FFRF wants government-organized creationist outing nixed

1CherokeeGAThe Freedom From Religion Foundation is asking that a Georgia county agency cancel an upcoming creationist outing.

The Cherokee Recreation and Parks Agency is organizing a trip to the Ark Encounter and Creation Museum for senior community members from Oct. 2-5. The Ark Encounter, recently constructed in Kentucky, is a Christian ministry run by the creationist Ken Ham, who also built the notorious Creation Museum. Ham has been clear about the proselytizing nature of his projects from the beginning. In his June 27, 2016, letter entitled, "Our Real Motive for Building Ark Encounter," he lays out a clear, evangelistic goal:

We are eagerly approaching what I believe will be a historic moment in Christendom. It's the opening of one of the greatest Christian outreaches of our era: the life-size Noah's Ark in Northern Kentucky. . . . The [Creation] Museum and Ark direct people to the Word of God and the gospel of Jesus Christ.

Ham quotes bible verses to further illuminate his motive before finally stating it plainly: "Our motive is to do the King's business until He comes. And that means preaching the gospel and defending the faith, so that we can reach as many souls as we can . . . millions of souls will hear the most important message of all . . . a message of hope from the holy, righteous Judge who, despite our sin, wants us to spend eternity with Him!"

Ham's explicit declaration of his theme parks' purpose makes it constitutionally impermissible for a government agency to organize a visit there.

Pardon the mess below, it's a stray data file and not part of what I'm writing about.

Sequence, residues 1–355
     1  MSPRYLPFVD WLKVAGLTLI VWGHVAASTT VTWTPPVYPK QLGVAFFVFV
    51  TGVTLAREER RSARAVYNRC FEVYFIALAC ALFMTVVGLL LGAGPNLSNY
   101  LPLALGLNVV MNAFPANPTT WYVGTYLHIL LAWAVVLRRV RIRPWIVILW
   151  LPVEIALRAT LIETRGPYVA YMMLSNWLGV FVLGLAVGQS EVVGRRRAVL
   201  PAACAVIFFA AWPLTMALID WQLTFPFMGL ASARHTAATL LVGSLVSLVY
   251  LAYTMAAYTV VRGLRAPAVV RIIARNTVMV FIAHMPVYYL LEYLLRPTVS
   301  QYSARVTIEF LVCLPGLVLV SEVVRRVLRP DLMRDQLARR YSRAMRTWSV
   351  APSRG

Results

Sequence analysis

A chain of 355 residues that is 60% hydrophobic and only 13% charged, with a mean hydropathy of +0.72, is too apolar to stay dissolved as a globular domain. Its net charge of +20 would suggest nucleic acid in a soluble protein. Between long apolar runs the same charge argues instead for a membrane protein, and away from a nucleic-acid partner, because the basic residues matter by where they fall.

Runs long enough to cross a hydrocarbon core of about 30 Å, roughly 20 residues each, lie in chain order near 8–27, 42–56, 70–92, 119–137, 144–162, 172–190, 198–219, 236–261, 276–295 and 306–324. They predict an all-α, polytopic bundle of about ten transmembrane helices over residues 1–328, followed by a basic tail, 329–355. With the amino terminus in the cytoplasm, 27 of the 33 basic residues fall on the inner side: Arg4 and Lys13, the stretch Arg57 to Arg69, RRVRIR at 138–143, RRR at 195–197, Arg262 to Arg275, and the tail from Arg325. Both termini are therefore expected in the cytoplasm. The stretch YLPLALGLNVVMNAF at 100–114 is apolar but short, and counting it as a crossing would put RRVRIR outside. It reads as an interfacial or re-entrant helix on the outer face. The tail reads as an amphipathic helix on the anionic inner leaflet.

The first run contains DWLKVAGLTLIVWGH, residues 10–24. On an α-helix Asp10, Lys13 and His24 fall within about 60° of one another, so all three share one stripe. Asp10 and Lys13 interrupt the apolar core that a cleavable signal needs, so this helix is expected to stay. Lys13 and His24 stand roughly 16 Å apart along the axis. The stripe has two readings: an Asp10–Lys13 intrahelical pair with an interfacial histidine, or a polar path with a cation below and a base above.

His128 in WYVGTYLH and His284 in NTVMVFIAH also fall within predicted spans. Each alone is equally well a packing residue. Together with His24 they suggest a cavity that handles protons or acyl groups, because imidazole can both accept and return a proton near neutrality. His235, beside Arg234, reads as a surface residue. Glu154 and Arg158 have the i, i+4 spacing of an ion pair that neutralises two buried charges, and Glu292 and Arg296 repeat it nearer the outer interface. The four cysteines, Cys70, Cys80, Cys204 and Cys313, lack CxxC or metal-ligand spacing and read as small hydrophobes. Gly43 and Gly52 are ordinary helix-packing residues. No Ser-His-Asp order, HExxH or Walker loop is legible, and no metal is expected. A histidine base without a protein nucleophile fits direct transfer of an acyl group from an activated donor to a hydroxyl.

"It is a fundamental principle of Establishment Clause jurisprudence that the government cannot in any way promote, advance, or otherwise endorse religion," FFRF Staff Attorney Elizabeth Cavell reminds Cherokee County Attorney Angela Davis. "Advertising and organizing such an event sends the message that residents are expected to support such religious events." 

Such an endeavor also alienates those Cherokee County residents who are not Christian and who are nonreligious. Approximately one-fourth of the American population is nonreligious, and roughly 30 percent count themselves as non-Christian.

"These theme parks have on display nothing but unscientific balderdash," says FFRF Co-President Annie Laurie Gaylor. "A government agency cannot — and should not — be organizing excursions to such nonsensical creations."

FFRF is requesting that the Cherokee Recreation and Parks Agency cancel the October outing to the two creationist entities.

The Freedom From Religion Foundation is a national nonprofit organization with more than 29,000 members and chapters across the country, including almost 500 members and a chapter in Georgia. Its purpose is to protect the constitutional principle of separation between state and church, and to educate the public on matters relating to nontheism.

The Freedom From Religion Foundation, based in Madison, Wis., a 501(c)(3) nonprofit educational charity, is the nation's largest association of freethinkers (atheists, agnostics), and has been working since 1978 to keep religion and government separate.

FFRF is a non-profit, educational organization. All dues and donations are deductible for income-tax purposes.

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